The clutch is huge on Amazon, though, the purses are pretty small. Each Mighty Purse hides a 4,000mAh battery with a LED level indicator. Apple users need an adapter, but everyone with a micro USB port should be fine, and it even comes with its own USB charging cable. The downside is the battery takes up a good deal of the space inside some of the models, so if you have a larger phone, you won’t be able to carry much else besides the bare essentials.
Next Page: Seven more of the best gadgets to keep you charged on the go
The Kraftwerk looks like a cross between a butane refill canister and a portable power bank. In fact, it’s kind of both. The Kraftwerk uses compressed gas, either in the form of a lighter or standard camping gas in a fuel cell setup, to recharge anything outfitted with a USB port. There’s only one port on the device, but the convenience of this little gadget is that you can easily recharge it with lighter fluid in about three seconds, whereas you’re generally screwed with other power banks if you forgot to charge them before you stepped out of the house. The Kraftwerk offers 2W of continuous output at 5V, and according to Kraftwerk’s developers, that’s enough to get 11 iPhone charges out of it before it needs a refill. If you really want one ASAP, back their Kickstarter and you might be able to grab one before February for $100. If not, it’ll cost you an extra $50 when it hits retail shelves at the end of Q1 2016.
Bluesmart Luggage ($395)
Depending on the nature of your journey, smart luggage just might be enough to get you through the interminable airport hassles without the need to hunt for an outlet. The tough triple-layer polycarbonite casing, the four wheels, the digital scale built into the handle, the digital lock, and the built in bluetooth to track your luggage make Bluesmart’s line cutting edge quality stuff. It’s the massive 10,000mAh battery and two USB ports that make it easy to stay powered up. One port is situated on the outside of the bag near the handle, the other on the inside to charge your larger gadgets that need to be ready when you get where you’re going. Bluesmart blasted through its crowdfunding goals last year and is due to began shipping this month, August 2015, for $370.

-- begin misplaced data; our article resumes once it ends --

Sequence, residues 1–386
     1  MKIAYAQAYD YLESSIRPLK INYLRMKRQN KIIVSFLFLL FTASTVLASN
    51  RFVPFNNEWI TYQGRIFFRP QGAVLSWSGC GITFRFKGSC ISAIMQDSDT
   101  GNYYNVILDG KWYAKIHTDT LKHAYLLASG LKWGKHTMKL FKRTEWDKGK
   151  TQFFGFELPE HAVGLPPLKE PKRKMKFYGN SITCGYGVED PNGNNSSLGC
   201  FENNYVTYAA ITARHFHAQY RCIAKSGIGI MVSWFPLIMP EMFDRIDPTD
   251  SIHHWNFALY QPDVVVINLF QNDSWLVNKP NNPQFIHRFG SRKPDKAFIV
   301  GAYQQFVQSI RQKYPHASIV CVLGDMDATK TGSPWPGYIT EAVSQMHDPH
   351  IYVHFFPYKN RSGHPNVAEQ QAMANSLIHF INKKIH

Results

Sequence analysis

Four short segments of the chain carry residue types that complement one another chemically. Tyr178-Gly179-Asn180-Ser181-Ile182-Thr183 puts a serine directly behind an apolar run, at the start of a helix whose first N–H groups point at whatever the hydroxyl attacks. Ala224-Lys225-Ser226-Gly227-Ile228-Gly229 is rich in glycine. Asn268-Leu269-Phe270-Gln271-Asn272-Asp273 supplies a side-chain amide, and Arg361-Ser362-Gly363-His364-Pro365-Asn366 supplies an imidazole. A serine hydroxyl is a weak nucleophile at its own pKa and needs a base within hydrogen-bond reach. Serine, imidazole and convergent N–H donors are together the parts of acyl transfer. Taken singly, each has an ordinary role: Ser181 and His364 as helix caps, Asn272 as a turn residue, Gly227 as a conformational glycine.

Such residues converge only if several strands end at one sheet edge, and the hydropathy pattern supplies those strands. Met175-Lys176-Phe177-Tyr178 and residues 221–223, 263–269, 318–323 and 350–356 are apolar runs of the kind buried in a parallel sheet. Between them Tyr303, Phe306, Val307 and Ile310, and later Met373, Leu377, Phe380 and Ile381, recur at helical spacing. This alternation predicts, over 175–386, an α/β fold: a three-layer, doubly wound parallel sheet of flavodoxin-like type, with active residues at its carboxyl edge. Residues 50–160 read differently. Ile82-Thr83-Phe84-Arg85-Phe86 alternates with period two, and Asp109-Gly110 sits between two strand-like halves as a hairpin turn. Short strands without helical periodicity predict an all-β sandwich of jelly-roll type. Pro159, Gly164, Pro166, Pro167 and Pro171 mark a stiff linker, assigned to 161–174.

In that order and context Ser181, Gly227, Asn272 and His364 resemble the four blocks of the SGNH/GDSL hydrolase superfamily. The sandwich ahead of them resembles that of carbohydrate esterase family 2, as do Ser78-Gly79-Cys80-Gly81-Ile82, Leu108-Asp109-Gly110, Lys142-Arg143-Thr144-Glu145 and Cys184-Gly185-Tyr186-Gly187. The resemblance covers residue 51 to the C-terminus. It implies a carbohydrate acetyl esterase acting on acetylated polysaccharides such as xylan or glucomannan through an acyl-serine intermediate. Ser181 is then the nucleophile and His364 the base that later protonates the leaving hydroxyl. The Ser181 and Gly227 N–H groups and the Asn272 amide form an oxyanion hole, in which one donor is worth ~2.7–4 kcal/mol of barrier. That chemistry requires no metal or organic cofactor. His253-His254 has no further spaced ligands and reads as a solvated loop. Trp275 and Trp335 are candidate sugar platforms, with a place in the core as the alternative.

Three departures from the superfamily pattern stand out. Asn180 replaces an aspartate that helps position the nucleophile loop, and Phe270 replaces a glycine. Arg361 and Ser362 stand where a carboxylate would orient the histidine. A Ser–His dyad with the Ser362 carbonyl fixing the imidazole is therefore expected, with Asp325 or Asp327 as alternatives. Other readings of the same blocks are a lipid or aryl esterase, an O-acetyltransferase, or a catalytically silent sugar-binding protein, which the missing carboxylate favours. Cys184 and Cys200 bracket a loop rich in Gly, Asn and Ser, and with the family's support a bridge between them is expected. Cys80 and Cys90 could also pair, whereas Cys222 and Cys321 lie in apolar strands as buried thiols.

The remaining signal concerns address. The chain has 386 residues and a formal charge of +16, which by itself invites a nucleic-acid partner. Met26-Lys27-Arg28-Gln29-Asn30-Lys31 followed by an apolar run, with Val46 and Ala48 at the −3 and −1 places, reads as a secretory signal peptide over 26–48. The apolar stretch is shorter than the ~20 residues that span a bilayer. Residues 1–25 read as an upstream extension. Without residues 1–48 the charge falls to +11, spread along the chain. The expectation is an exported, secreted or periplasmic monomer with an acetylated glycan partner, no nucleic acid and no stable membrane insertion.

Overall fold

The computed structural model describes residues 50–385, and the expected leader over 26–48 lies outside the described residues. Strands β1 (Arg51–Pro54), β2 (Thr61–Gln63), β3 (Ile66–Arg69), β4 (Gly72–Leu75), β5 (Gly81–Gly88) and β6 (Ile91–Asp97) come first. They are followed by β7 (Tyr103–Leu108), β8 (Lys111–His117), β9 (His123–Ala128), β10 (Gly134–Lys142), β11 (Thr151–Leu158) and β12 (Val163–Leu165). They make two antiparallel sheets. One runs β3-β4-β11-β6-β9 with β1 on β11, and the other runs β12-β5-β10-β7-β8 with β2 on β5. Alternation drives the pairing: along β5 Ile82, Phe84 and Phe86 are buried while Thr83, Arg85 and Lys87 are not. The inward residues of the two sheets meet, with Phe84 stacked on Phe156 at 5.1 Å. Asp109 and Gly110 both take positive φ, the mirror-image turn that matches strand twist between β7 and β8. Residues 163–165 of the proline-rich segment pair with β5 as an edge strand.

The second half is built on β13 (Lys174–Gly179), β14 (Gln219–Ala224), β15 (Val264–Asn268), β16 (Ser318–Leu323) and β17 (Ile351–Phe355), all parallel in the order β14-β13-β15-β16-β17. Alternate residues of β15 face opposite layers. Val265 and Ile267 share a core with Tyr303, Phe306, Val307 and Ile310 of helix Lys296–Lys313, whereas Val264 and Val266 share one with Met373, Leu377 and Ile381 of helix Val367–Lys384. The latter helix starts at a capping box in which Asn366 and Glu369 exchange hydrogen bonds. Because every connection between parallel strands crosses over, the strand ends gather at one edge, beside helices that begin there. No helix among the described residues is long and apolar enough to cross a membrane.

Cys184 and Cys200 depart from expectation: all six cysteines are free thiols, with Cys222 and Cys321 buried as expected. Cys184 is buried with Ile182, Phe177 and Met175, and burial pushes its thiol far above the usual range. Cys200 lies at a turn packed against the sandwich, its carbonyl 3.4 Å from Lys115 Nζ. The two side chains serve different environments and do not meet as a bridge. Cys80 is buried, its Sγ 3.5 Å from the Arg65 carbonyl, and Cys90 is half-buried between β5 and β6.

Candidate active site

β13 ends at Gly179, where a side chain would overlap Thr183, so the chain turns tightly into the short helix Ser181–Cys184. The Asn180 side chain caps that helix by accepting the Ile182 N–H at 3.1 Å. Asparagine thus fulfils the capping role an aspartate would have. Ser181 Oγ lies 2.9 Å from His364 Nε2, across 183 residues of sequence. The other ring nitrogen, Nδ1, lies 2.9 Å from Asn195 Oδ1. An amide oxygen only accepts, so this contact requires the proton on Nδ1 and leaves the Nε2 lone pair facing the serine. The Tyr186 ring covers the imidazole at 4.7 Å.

Phorce Freedom ($179)
Almost all of us carry a bag to work. It would be great if that bag did more than hold your work stuff and collect old receipts. The Phorce briefcase does just that. With a 15,000mAh battery, it will tack on an extra 60 hours onto your iPhone 6 or an extra 55 onto your Galaxy S6. The bag itself also fits a 13-inch laptop and is adjustable. You can carry it the traditional boring way by its handle, by the long strap across the shoulder, or with the two backpack straps. It will survive wet commutes given it’s made from padded heavy-duty treated canvas with waterproof zippers, but unfortunately, that quality comes at a premium cost.